Is influencer marketing dead?
I bet this thought has crossed your mind a time or two.
Influencer marketing peaked in 2014, so you thought. It’s not what it once was.
Like you, I have thought the same thing. Five minutes of Instagram scrolling changed my mind.
Tell me if this sounds familiar. You pull up Instagram while you’re “watching” TV. You scroll past ads on Instagram. You hear the buzz of commercials on the TV. Before you realize it, ads are coming at you over multiple channels.
It’s a lot.
You might imagine, people don’t like to be bombarded with ads. Too bad that’s already happening. Just how burdened are we with ads? Estimates say we’re exposed to somewhere between 5,000 and 10,000 ads every day. Most of them we ignore.
As a brand looking to win trust with a new audience, it’s unlikely you’ll get that with a new ad. It’s more likely you will get that through someone your audience already knows and likes.
Hello, influencer marketing.
Influencer marketing is an authentic way to cast a net that hits with audiences who care. This strategy has a great chance of landing because it comes from an authority figure audiences are comfortably engaged with.
Should you think about influencer marketing? If you’re wondering why your paid ads aren’t landing, the answer is yes.
Have you purchased something because a person you admire used the product or service? Yep, that’s influencer marketing.
Think of influencer marketing as an accelerated word-of-mouth marketing strategy. Influencer marketing is evergreen. It allows your business to connect with consumers who have an affinity for your product or service.
Influencer marketing presents a unique opportunity for small businesses to build brand awareness without blowing the budget. It’s not just for the mega brands.
This marketing strategy takes many shapes. However influencer marketing looks to you, it’s worth the price of admission. More than 70% of businesses say the quality of traffic from influencers is better than other sources.
Ads have a better time landing when they come from a trusted source, someone you know and like. Influencer marketing taps into word-of-mouth marketing and social proof in this way.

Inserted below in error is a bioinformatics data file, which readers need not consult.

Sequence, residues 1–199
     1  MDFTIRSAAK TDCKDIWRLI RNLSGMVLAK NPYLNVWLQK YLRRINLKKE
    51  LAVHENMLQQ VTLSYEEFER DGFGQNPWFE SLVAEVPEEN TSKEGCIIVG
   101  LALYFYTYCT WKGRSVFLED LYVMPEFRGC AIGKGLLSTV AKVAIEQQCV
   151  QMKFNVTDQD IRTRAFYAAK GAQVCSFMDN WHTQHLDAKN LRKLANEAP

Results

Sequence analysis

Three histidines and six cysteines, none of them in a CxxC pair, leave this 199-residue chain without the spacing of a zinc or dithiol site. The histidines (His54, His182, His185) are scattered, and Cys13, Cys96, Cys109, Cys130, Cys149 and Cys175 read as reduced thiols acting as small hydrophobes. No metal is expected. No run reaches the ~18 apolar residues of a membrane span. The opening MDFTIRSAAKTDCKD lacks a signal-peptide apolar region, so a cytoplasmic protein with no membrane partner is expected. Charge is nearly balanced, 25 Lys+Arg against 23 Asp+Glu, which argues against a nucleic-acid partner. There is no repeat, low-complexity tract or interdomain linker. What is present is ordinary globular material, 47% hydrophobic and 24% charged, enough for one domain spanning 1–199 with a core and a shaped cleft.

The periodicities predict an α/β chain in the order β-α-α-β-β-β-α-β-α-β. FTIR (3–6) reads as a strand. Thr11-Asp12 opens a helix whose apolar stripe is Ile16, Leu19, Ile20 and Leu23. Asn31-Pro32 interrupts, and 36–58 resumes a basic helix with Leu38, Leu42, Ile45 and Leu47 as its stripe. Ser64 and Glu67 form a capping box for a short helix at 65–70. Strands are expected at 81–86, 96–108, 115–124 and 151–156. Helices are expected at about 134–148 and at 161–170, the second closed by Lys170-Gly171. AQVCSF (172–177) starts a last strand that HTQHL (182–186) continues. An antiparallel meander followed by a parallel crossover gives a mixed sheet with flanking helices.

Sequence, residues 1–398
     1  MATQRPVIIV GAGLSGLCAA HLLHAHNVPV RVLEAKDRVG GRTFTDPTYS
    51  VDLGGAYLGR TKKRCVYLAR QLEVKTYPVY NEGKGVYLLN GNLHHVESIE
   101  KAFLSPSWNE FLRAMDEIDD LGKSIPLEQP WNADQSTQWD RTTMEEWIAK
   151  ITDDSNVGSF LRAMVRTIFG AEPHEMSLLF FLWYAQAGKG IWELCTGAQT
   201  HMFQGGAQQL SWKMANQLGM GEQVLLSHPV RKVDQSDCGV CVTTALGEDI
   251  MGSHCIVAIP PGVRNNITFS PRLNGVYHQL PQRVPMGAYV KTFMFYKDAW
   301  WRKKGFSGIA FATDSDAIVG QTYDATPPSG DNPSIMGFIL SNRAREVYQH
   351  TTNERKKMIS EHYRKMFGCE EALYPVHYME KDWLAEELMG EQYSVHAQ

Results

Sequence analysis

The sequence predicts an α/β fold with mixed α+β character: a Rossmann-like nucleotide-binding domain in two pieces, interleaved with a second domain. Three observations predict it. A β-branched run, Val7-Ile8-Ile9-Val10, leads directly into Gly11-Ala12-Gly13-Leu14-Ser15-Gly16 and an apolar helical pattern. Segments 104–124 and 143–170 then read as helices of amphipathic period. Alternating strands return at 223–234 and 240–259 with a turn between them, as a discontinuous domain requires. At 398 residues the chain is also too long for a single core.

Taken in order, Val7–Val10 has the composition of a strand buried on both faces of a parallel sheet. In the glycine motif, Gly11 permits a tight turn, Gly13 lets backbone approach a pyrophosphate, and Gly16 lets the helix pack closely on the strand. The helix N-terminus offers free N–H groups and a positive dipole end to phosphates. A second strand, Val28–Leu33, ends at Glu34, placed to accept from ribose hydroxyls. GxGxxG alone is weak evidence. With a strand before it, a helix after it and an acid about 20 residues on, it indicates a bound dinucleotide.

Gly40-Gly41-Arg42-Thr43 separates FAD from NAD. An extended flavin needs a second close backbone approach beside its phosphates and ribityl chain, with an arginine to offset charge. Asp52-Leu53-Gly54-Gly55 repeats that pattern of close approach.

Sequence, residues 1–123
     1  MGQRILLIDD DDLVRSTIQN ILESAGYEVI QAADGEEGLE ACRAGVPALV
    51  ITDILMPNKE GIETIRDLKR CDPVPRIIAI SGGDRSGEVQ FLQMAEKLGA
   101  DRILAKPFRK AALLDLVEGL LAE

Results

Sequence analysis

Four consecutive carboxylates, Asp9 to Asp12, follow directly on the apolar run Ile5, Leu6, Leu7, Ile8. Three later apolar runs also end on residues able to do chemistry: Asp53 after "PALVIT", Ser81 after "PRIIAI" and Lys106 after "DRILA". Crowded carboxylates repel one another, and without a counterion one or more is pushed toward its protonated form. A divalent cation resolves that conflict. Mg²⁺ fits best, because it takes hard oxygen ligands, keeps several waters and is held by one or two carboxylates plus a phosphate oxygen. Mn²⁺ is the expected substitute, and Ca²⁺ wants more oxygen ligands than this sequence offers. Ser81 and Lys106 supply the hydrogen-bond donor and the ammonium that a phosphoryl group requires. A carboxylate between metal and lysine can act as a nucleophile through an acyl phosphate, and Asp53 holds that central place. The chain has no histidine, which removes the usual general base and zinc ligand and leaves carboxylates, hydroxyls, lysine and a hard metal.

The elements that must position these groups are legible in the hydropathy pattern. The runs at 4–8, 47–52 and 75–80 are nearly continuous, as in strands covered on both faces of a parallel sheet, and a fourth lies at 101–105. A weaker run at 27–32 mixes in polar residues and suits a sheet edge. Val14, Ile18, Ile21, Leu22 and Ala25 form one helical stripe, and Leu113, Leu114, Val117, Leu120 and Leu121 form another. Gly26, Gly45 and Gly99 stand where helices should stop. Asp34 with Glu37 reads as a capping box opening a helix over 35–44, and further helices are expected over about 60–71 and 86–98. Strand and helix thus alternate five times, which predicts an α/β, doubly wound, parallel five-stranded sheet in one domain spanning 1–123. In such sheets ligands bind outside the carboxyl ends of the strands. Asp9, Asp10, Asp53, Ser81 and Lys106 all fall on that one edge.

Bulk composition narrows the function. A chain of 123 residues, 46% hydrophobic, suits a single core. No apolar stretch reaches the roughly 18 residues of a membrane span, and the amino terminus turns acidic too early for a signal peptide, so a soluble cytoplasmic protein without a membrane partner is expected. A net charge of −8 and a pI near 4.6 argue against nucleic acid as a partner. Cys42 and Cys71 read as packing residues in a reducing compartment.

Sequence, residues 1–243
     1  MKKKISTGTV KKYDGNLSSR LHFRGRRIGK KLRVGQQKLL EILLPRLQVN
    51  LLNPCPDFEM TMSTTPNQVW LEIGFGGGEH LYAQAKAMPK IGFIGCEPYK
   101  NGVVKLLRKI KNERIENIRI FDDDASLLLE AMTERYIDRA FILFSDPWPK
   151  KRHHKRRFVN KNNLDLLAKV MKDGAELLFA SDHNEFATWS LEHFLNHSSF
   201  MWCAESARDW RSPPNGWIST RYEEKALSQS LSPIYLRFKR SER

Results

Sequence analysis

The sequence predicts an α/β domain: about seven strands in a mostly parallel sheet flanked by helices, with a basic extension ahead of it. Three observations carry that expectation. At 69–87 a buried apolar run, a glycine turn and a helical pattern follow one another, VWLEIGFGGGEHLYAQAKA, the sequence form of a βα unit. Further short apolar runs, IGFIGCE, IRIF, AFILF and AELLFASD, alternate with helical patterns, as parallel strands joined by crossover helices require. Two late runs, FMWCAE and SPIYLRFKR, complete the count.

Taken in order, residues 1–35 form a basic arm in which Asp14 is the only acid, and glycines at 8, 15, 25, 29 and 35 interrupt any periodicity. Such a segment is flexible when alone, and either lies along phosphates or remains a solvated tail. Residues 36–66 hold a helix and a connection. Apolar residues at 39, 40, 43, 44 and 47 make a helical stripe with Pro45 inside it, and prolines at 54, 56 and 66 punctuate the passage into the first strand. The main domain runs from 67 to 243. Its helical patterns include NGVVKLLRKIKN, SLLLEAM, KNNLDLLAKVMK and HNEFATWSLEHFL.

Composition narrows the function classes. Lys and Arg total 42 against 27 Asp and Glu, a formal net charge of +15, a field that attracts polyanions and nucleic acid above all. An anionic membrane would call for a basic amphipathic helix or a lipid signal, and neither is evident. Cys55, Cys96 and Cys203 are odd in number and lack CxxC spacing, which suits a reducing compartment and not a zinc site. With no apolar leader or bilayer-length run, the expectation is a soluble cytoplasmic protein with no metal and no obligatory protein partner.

More consumers rely on the suggestions of their friends, family, and people they admire more than anything. Who influences your buying habits?
An influencer doesn’t have to have special status or be famous.
Simply, they need to be influential.
Influencers are valued for their trust.
You wouldn’t buy followers to build your brand. Think about it. What good is it to have 10,000 followers but only 1% converted? With an influencer, you get to put your brand in front of a hyper-engaged audience with a high level of trust.
Influencer marketing is based on relationships. Influencers themselves are loved and understood by many, and that’s what gives them their influence.
With strong trust pre-established, consumers are likely to follow their endorsements with a high level of confidence.
Feeling good about influencer marketing? Great! Let’s keep going.
I have good news. It’s not that hard to find an influencer.
It’s not just for the big guys. Influencer marketing works, even for the little guys.
You’ll come to find there are different tactics for influencer marketing for small business. Some intended for different brands, of different sizes, and with different intents. For small businesses, micro-influencer marketing is a good starting point.
Micro-influencers are usually classified as influencers with smaller followings within a specific niche.
Why go small when you can go big? A few reasons.
Influencer marketing, at scale, doesn’t come cheap. Influencers with large followings charge a lot — sometimes into the thousands, per post. While micro-influencers may seem like small players in influencer marketing, they pack a strong punch. More than 80% of respondents said they would follow a micro-influencers’ recommendation.
Here’s a sampling that shows just how impactful influencer marketing is.
When done right, influencer marketing works well.
Doing it right means utilizing organic partnerships with influencers who have built a dedicated community and whose values align with your brand.
Hang with me as I share a few steps to getting started in influencer marketing.
Step 1: Identify and strategize
All good strategy starts with research.